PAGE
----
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Here are 10 major differences between the Democratic and Republican Party conventions

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Think you’ve been watching America’s political conventions closely? Between the DNC this week in Philadelphia, Penn., and the RNC last week in Cleveland, Ohio, here are 10 major differences.

1. Guns: Ohio is an open carry state and guns were permitted within the “event zone” of the RNC. However, far fewer firearms were seen on the streets of Philadelphia due to a 2013 ban on guns from recreation centers.

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2. Celebrities: The RNC had Scott Baio. The DNC had Meryl Streep. No contest.

3. Diversity: According to Hillary Clinton’s campaign, black men and women accounted for 1,182 delegates out of 4,765, about 25%, compared to 18 out of 2,472 at the RNC, less than 1%.

4. The Business Party: The RNC featured two CEOs (Tom Barrack and Willie Robertson), a lobbyist (Chris Cox) and a venture capitalist (Peter Thiel). On the other hand, the DNC emphasized unions. SEIU president Mary Kay Henry, AFSCME president Lee Saunders and AFL-CIO president Richard Trumka all spoke at the Democrats’ convention.

5. Law and Order: Donald Trump has branded himself as the “law and order” candidate. Yet, only one speaker at the RNC works in law enforcement: David Clarke, Milwaukee County sheriff. By comparison, Pittsburgh Chief of Police Cameron McLay, former Philadelphia Police Commissioner Charles Ramsey and Dallas County Sheriff Lupe Valdez all spoke for the Democrats.

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6. Education: The American Federation of Teachers president Randi Weingarten, Arkansas fifth-grade teacher Dustin Parsons and social studies teacher Dave Willis all spoke on education at the DNC. By contrast, Liberty University president Jerry Falwell Jr. was the only person in the education sector to represent the Republicans.

7. The U.S. Military: Half the people who spoke on behalf of the military at the RNC were Benghazi attack survivors. On the other hand, the DNC featured those who lost loved ones in Iraq and Afghanistan.

8. Delegates: The DNC’s “Never Hillary” crowd outnumbered the RNC’s “Never Trump” crowd, which became apparent during their massive walkout Tuesday.

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9. Quality of Life: The tone of the RNC was far more negative than that of the DNC. Trump’s surrogates called on voters to “Make America great again” while Hillary’s insisted “America is already great.”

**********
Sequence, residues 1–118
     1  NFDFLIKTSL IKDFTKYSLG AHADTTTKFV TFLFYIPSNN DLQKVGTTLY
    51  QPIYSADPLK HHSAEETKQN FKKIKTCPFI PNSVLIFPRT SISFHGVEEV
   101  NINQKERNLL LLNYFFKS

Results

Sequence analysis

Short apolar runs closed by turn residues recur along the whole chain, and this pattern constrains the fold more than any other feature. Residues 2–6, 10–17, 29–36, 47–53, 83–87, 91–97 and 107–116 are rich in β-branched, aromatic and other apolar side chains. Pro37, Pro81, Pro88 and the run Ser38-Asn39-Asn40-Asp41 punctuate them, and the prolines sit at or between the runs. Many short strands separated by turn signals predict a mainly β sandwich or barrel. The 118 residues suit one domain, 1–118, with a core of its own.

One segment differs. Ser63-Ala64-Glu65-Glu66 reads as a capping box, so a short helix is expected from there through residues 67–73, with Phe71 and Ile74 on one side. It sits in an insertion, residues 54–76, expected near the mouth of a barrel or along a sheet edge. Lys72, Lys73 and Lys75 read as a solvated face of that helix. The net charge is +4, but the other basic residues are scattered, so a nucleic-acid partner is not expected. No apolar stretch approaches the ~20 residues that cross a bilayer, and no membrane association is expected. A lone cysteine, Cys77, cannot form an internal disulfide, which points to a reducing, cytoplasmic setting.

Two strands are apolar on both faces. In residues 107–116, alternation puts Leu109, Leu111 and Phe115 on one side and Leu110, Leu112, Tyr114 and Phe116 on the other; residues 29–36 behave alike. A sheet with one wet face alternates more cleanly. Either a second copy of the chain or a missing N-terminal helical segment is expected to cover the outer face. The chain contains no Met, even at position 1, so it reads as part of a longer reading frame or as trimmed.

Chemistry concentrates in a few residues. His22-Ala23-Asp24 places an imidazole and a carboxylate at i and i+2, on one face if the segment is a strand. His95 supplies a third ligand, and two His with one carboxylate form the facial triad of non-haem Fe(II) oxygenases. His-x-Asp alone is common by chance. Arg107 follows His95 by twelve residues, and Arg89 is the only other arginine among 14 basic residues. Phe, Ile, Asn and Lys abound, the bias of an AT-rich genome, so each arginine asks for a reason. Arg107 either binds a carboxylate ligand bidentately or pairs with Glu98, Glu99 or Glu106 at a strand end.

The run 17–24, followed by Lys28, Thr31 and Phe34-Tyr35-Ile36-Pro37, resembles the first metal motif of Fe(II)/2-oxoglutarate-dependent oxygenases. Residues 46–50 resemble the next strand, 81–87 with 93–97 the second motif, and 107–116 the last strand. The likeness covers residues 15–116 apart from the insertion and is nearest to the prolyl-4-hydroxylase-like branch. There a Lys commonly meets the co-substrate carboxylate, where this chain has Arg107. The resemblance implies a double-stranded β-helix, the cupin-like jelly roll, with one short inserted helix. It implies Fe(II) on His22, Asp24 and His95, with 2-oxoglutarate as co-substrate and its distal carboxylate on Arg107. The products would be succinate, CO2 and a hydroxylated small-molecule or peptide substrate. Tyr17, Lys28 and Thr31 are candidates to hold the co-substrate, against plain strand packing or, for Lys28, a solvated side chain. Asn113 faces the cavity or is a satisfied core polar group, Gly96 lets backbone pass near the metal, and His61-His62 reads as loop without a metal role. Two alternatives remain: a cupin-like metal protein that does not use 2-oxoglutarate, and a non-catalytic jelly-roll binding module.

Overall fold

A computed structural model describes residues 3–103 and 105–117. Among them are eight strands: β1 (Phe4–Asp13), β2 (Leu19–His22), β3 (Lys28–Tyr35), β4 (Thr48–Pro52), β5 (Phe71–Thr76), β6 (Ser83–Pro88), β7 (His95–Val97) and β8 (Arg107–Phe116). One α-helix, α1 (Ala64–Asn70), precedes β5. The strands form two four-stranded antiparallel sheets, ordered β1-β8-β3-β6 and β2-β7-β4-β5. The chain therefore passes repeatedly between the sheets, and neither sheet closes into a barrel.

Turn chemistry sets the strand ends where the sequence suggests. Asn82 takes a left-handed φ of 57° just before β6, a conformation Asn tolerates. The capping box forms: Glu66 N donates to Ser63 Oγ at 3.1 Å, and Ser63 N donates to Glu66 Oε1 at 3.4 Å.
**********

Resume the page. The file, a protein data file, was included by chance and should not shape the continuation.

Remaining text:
10. Most Used Words: In his RNC speech, Donald Trump’s most used word was “country.” Hillary Clinton’s? “People.”


Report typos and corrections to: [email protected].
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Millions around the world joined #ClimateStrike — demanding bold climate action

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Masses of children skipped school Friday to join a global strike against climate change that teen activist Greta Thunberg said was "only the beginning" in the fight against environmental disaster.

Some four million people filled city streets around the world, organizers said, in what was billed as the biggest ever protest against the threat posed to the planet by rising temperatures.

Youngsters and adults alike chanted slogans and waved placards in demonstrations that started in Asia and the Pacific, spread across Africa, Europe and Latin America, before culminating in the United States where Thunberg rallied.

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Trump announces new sanctions on Iran — and deploys US troops to the Middle East

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The United States announced Friday that it was sending military reinforcements to the Gulf region following attacks on Saudi oil facilities that it attributes to Iran, just hours after President Donald Trump ordered new sanctions on Tehran.

Trump said the sanctions were the toughest-ever against another country, but indicated he did not plan a military strike, calling restraint a sign of strength.

The Treasury Department renewed action against Iran's central bank after US officials said Tehran carried out weekend attacks on rival Saudi Arabia's oil infrastructure, which triggered a spike in global crude prices.

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‘Do a lot of stupid sh*t as quickly as possible’: Ambassador Power breaks down ’The Trump Doctrine’

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The former ambassador to the United Nations explained "The Trump Doctrine" during a Friday evening interview with comedian Bill Maher on HBO's "Real Time."

Samantha Power, the author of the new book, The Education of an Idealist, was asked by Maher about the foreign policy mantra of the Obama administration.

"Obama's foreign policy doctrine was famously summarized as 'don't do stupid sh*t," Maher noted. "Trump's, of course, is 'Do stupid sh*t.'"

"Do stupid sh*t as quickly as possible," Power clarified.

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